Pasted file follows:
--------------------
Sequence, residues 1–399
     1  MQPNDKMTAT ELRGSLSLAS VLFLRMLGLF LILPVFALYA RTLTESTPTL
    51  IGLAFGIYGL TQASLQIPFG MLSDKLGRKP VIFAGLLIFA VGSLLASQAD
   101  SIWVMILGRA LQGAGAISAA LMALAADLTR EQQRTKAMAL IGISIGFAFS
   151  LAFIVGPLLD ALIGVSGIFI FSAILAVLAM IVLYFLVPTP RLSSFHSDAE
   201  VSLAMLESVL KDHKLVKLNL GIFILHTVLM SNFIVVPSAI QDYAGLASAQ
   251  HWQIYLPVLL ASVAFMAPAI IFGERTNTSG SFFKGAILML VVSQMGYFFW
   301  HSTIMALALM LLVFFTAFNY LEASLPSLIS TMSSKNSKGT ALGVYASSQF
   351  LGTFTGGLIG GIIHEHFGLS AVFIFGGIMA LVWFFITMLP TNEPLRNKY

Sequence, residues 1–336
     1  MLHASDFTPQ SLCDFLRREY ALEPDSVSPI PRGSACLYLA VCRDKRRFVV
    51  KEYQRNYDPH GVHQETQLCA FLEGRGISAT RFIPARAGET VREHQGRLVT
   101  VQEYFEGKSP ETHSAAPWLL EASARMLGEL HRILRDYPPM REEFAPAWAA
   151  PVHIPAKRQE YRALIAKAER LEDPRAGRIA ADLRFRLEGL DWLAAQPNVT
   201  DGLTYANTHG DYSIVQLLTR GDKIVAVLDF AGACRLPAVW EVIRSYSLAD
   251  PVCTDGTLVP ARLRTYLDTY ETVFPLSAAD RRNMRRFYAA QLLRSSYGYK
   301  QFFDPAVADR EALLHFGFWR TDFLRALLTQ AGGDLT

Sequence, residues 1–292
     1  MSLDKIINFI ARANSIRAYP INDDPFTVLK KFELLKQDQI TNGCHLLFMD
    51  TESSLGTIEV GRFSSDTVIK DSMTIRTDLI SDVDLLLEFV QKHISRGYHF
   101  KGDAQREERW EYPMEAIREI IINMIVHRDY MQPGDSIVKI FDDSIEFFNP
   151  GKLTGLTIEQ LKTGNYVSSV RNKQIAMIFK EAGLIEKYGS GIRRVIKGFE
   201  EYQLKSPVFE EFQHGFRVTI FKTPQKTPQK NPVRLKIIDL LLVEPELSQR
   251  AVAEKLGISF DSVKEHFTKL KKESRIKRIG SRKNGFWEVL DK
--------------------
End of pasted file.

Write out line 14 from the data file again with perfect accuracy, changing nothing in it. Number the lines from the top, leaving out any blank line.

   151  PVHIPAKRQE YRALIAKAER LEDPRAGRIA ADLRFRLEGL DWLAAQPNVT